Short Relief: Everybody, including the governor, ought to have a legal aide

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On Feb. 26, attorneys for the governor and attorney general squared off in the Maine Supreme Judicial Court over the issue of the attorney general’s ability to control the governor’s legal representation in two politically charged cases.

One case is about the governor’s ability to remove able-bodied young people from Medicaid/Mainecare. In that case, a Republican attorney general represented the governor until Republicans lost control of the Legislature and the AG was replaced by a Democrat.

At that point, the new attorney general authorized outside counsel for the governor and intervened on the other side of the case. After the governor lost the initial round, he had to ask the attorney general for permission to appeal.

The other case is about the governor’s ability to deny reimbursement to municipalities for the cost of General Assistance provided to undocumented aliens.

The attorney general’s position is that the Maine Constitution and law make her the state’s attorney. She has authority over litigation, and should conduct most, if not all of it. In those rare instances when she decides not to represent the state, the governor still has to seek her permission to hire outside counsel.

Not surprisingly, the governor bristled at the idea. He argues that the AG shouldn’t be supervising his position in litigation because she strongly disagrees with his public policy preferences. Their dispute arises out of the structure of our government.

The Maine constitution divides our government into three, separate and distinct departments (legislative, executive and judicial). It goes so far as to provide that no person belonging to one department should exercise any of the powers belonging to one of the other departments.

It establishes some of the basic officers of government, including our governor, who exercises our state’s supreme executive power. It directs the governor to take care that our laws are faithfully executed.

It establishes the position of attorney general, but doesn’t define it. At the time of ratification, attorneys general were understood to be the government’s attorney. They advised the executive and legislative branches, represented them in legal matters, and acted in the public’s interest.

Maine statutory law defines the attorney general’s powers and duties. They include advising the other branches, prosecuting crimes, and representing the state in legal actions. Maine law gives the attorney general the discretion to approve private counsel when the AG elects not to represent the state. That feature was added in 1974, when the Legislature and AG were Republican and the governor was a Democrat.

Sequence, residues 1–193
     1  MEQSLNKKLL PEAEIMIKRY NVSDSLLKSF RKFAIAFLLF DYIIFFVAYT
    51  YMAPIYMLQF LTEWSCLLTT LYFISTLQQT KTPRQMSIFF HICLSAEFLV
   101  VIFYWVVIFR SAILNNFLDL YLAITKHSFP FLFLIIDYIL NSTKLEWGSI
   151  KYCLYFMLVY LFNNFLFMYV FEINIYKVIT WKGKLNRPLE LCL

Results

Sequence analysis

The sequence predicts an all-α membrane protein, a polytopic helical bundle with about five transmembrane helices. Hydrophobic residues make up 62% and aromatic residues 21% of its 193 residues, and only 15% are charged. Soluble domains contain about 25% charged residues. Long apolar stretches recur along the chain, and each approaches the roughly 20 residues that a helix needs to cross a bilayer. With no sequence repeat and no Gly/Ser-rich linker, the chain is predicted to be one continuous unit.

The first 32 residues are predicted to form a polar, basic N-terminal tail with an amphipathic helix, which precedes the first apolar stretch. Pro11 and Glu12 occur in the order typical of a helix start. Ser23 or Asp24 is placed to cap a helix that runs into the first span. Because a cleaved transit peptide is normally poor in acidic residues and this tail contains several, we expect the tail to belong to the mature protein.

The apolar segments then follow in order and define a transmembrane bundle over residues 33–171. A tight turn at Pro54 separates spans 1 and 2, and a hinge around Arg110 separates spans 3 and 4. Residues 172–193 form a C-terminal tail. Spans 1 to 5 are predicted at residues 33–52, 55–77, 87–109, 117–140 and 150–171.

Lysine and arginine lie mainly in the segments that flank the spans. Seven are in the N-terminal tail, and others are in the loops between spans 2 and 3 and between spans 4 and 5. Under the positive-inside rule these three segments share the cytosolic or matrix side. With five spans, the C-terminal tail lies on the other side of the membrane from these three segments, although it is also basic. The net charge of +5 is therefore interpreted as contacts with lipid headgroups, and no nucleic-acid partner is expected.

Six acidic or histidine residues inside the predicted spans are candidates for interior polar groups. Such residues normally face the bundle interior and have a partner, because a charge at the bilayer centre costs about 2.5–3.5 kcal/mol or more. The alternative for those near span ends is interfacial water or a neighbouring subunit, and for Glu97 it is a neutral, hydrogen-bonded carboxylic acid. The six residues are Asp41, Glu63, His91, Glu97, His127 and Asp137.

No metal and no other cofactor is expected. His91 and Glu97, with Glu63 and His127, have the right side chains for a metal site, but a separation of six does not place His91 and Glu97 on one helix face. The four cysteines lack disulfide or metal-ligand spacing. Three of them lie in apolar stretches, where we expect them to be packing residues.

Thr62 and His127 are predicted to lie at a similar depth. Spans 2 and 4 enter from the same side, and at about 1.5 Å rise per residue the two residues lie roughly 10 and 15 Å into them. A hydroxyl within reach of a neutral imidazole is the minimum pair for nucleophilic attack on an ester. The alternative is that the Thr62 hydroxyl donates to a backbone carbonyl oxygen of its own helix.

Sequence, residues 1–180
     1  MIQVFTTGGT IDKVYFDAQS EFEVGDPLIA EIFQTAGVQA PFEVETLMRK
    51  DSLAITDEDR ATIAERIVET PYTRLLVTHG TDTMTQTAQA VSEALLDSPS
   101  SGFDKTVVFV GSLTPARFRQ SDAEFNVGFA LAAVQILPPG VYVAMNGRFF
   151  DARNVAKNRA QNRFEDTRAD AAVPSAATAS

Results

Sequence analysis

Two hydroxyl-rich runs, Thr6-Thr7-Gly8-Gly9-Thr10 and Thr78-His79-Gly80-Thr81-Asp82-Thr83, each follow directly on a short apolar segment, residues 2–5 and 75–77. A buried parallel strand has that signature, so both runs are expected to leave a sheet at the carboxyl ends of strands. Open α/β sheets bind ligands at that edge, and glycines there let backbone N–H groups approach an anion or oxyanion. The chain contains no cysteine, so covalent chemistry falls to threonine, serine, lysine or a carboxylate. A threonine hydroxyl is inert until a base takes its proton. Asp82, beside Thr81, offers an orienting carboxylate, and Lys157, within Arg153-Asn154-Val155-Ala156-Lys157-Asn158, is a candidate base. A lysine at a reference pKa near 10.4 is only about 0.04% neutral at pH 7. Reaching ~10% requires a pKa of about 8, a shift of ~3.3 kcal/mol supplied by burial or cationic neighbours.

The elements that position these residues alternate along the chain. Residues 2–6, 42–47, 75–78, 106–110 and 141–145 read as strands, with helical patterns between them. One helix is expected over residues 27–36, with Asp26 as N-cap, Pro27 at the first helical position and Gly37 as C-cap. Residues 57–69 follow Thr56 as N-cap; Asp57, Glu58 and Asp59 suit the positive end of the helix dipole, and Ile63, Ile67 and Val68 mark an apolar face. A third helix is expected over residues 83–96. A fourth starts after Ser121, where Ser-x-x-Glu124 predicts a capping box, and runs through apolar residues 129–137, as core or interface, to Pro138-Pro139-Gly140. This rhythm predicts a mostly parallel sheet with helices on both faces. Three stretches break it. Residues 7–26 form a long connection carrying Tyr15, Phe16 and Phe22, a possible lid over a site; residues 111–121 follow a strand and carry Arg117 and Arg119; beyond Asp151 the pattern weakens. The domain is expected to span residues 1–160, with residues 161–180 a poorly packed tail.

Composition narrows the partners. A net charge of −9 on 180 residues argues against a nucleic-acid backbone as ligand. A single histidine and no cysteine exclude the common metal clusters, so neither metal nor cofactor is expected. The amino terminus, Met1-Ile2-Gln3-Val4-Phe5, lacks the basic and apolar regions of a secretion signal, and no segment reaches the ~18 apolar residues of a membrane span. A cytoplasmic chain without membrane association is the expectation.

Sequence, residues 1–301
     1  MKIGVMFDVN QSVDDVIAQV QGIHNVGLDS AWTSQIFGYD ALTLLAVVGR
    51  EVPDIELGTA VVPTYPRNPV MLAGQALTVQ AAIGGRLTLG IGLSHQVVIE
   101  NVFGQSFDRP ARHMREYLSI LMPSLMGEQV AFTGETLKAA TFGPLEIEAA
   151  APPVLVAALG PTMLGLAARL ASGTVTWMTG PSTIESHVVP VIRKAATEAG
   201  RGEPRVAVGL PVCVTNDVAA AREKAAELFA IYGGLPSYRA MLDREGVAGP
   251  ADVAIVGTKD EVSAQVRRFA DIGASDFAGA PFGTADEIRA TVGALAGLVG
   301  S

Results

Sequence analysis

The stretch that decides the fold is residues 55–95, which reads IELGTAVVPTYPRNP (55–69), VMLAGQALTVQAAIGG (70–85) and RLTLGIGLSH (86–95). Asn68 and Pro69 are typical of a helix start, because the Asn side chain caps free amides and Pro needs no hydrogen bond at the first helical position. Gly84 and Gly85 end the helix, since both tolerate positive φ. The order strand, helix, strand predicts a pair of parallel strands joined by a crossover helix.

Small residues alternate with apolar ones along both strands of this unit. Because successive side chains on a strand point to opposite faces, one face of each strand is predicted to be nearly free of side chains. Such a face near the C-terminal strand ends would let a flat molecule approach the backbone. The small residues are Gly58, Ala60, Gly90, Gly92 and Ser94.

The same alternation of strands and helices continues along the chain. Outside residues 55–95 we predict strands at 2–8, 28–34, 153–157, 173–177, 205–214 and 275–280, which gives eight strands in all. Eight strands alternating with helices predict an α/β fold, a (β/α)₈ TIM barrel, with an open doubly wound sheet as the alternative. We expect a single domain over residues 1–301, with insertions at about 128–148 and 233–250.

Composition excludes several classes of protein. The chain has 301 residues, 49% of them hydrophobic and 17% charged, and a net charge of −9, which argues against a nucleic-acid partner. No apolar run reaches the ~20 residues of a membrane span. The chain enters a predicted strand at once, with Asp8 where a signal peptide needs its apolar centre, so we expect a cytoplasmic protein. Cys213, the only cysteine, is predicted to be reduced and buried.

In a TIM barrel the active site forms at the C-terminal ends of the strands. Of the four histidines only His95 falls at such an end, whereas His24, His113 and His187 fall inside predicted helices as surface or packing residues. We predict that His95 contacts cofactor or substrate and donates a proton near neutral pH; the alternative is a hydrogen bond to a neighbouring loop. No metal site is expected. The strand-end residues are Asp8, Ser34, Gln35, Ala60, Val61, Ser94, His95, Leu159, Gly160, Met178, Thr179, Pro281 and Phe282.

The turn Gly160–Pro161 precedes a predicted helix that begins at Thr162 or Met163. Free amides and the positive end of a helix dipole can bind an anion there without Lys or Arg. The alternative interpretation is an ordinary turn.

As originally conceived, our attorney general was appointed by the governor. That changed in 1855, when the Constitution was amended to provide that the attorney general be elected by the Legislature. Maine is the only state to choose its attorney general this way; 43 states popularly elect their AGs. In five states, the governor appoints the attorney general; in Tennessee, the state supreme court appoints the attorney general.

Our arrangement sets the stage for divided government that is further divided within the executive branch. The more government is divided, the more difficult it is for the people to express their will through law and policy. That’s the conflict that is now being played out to some extent in the Law Court. It puts courts in the difficult position of trying to resolve disputes that are really political.

The state Constitution also recognizes a few basic principles. Perhaps the most basic is that the people are the ultimate source of power. Another is that everyone is entitled to “due course of law.” At a minimum, it means that a person has the right to be heard. It includes the right to be represented by counsel, because having an attorney is integral to being heard in court.

Representation is not effective if your lawyer is conflicted. If you are the people’s elected representative, denying adequate you representation thwarts the will of the people. That’s why the governor should have his own lawyer in politically charged cases like these.

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Halsey Frank is a Portland resident, attorney and former chairman of the Republican City Committee.

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